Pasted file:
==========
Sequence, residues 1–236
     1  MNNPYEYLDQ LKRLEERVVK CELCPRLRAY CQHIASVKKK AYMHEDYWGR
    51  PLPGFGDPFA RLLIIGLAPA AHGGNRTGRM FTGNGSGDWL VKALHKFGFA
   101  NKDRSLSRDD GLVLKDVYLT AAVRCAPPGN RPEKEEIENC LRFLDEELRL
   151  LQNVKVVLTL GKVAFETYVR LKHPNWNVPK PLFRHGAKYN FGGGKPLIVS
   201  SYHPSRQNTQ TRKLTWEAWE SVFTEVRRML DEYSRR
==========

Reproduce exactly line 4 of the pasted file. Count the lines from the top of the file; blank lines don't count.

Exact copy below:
   101  NKDRSLSRDD GLVLKDVYLT AAVRCAPPGN RPEKEEIENC LRFLDEELRL